What does male headship in marriage look like?


I was told the story this week of two Christians arguing about whether or not it was right for a man to stay at home and run the household whilst his wife goes out to work.  An elderly Christian lady was arguing that it was the man’s job to provide for his family and a younger Christian man argued back that it was okay to swap roles.

The problem with this argument was its narrow focus on role in relationships.  I’ve posted elsewhere on this blog about the need to separate status, role and power when considering the relationships between men and women.  In this case, as roles are ingterchangeable, we need to think about power in the relationship.  Here’s four ways in which the couple could arrive at the decision for her to work.  These examples are all exaggerated for the point of illustration.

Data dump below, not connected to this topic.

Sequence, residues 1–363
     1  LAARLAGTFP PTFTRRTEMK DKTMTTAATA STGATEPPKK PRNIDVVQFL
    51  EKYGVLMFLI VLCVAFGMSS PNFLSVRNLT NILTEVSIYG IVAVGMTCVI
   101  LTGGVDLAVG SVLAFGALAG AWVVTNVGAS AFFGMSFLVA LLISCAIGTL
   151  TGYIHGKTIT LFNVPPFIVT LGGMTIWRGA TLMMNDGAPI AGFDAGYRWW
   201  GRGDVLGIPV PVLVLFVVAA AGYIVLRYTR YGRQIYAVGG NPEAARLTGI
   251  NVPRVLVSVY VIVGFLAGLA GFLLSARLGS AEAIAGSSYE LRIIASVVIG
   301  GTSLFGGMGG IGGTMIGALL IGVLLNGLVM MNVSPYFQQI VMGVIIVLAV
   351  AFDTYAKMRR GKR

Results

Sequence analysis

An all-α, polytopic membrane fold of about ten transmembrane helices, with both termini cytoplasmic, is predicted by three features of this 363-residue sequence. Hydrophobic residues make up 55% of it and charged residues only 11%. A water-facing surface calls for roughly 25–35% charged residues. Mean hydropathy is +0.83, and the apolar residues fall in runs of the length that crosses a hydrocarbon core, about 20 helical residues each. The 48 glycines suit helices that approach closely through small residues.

1. The absconding husband.
The man in this marriage has given up. He stays at home because it’s the easy option for him. His disengagement from work means his wife HAS to choose to work to pay the bills.

2. The bullying husband.
The man in this marriage can’t be bothered working and so FORCES his wife to work through threats. He wants her to work for him so that he can have an easy life.

3. The domineering wife.
The man in this marriage stays at home because his wife has told him to. He is less than a man and more of a pet.

4. The servant leader husband.
This couple has spoken openly about their aptitudes, gifts and the family situation. They both know that the wife will flourish in the work place whilst he has gifts of running the household. Staying at home would feel like a prison sentence to her but he doesn’t mind domestic life. And so he takes the responsibility on himself to stay at home for her good without being domineered by his wife.  Nor does he slack off or force her to work against her will. He also takes responsibility for the decision if things don’t work out. He never blames his wife for problems which arise.

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